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The Curiosity Project

Entries » Blog » Spitting Genetics: Can we engineer friends?

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Spitting Genetics: Can we engineer friends?

In a world where "social" seems to be the buzz word, isn"t in interesting to think of the innate origins of our ability to be sociable and have friends? Although it"s not necessarily a direct part of engineering, research and ideas into this topic have implications across all scientific disciplines, including engineering. After all, each of us "engineers" our own social world - both on and offline. Attributes like team work and co-operation are hugely important in engineering, so how could our genes make us better engineers?

I met up with some researchers from the University of Oxford"s Social " Evolutionary Neuroscience Research Group (SENRG) who are conducting research into "The Genetics of Human Sociality". Essentially they are looking at how much our genes relate to our social lives (how we think, feel and act).
By examining DNA and genes taken from salvia samples from participants (like me!!), along side other data such as social and relationship habits and finger length, they hope to see how our genes are linked to how we think, feel and act in social situations.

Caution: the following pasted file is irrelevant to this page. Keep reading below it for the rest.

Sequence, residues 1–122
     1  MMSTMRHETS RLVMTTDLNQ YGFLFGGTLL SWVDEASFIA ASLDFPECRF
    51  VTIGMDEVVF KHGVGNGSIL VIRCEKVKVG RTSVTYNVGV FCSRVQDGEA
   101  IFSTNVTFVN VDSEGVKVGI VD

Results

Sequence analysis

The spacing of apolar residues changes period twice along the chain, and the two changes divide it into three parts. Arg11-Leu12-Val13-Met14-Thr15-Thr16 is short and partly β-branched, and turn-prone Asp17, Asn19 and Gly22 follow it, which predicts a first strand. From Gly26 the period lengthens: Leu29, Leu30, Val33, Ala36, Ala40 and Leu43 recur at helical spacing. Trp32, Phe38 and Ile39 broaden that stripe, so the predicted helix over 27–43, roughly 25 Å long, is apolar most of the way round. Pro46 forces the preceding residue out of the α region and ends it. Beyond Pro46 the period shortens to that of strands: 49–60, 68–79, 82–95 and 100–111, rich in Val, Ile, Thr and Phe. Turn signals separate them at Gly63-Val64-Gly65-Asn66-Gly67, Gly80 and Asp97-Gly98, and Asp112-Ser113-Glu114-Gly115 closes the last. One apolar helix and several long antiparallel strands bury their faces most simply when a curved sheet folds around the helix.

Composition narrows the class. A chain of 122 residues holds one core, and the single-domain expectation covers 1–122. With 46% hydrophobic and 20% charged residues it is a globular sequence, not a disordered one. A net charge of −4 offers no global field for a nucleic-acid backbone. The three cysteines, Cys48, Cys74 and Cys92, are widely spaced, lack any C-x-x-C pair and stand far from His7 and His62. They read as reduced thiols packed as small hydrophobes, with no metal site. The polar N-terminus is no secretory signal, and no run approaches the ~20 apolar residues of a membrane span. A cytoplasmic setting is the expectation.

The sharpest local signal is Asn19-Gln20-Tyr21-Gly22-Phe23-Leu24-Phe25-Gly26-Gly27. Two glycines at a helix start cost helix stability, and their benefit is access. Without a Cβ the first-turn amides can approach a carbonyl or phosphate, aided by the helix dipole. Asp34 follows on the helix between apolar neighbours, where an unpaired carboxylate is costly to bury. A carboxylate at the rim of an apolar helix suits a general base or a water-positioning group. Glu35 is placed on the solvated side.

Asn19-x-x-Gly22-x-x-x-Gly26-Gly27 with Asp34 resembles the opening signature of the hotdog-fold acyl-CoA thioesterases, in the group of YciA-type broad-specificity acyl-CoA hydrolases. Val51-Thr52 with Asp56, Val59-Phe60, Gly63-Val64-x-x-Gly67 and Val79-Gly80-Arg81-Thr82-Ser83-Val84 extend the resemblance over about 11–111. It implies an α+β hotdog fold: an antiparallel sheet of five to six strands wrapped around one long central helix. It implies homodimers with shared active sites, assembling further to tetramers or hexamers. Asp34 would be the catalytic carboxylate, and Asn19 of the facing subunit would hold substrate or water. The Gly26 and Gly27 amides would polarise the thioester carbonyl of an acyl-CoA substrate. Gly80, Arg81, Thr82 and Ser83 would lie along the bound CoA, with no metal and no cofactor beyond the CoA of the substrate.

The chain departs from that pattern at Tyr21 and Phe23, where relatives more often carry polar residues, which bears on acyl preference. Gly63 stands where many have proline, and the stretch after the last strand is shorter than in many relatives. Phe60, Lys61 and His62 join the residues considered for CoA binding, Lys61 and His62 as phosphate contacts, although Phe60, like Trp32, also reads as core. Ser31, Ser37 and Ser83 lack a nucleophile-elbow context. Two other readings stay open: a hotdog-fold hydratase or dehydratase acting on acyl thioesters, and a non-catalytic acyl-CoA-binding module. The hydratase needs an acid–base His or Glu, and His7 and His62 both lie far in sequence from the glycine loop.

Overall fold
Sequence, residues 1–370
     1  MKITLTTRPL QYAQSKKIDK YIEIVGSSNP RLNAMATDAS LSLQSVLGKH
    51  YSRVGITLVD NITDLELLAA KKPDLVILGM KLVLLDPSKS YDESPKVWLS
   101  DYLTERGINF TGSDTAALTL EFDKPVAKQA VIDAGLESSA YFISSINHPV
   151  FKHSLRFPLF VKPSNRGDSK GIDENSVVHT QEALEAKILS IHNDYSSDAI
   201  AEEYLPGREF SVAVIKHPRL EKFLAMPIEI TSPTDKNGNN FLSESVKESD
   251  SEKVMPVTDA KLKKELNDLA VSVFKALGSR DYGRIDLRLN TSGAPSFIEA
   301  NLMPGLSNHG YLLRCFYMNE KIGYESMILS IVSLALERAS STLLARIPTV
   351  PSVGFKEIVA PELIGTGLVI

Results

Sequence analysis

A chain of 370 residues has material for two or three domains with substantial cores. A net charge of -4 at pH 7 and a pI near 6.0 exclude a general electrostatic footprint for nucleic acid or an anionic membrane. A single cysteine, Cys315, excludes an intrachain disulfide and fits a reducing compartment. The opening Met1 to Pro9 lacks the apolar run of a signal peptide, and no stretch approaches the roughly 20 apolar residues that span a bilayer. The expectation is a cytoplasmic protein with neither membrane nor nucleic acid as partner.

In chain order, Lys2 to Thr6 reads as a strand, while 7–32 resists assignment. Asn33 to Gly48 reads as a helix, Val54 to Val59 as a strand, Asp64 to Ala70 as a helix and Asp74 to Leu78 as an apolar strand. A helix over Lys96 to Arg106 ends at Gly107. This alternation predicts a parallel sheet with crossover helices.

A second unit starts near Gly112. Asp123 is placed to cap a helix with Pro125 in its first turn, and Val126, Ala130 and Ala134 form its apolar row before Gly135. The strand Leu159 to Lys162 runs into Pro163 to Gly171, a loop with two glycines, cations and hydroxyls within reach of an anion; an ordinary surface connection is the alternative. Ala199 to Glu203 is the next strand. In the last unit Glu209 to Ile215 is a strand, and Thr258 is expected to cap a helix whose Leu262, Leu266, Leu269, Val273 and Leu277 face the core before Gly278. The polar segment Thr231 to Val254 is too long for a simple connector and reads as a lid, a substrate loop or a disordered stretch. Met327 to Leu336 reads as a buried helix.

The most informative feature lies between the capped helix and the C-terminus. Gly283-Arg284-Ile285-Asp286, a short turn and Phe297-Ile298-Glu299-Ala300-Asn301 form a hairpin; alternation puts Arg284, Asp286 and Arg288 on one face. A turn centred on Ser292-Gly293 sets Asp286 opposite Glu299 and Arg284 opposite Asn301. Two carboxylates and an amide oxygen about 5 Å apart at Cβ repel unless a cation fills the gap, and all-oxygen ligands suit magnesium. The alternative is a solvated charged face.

I was hugely interested to learn that scientists have worked out that us humans are only able to have a maximum of 150 friends, as our brains just can"t cope with anymore! This is called Dunbar"s Number. (there is some more info on the video below)

Why genes?

Our genes are the building blocks of every part of us. For this research, they are looking at genes that influence how chemicals act in our brains and impact us in social situations.

Why measure finger length?

The 2D:4D ratio ie. the length of your fourth finger compared to your second finger, is related to how much testosterone you were exposed to in your mother"s womb. Testosterone could have an impact on our sociality. Watch the video here to learn more about this :)

So what now?

The team are still collecting samples and data from people all over the UK before starting to analyse the data and assessing their findings. It might take a few years but I"ll be checking their website to see what their findings are! What do you think they will find?

If you want to know more, check out the SENRG"s website or watch the videos of me and Researcher Dr. Rafael Wlodarski to find out how they conduct their research.

Science is pretty amazing and it"s work like this that shows just how diverse it is. Even if genetics isn"t your thing, wouldn"t it be cool to run experiments and find out ground-breaking information to make the world a better place? Find out more about how you could turn an interest in science into a lifelong career here

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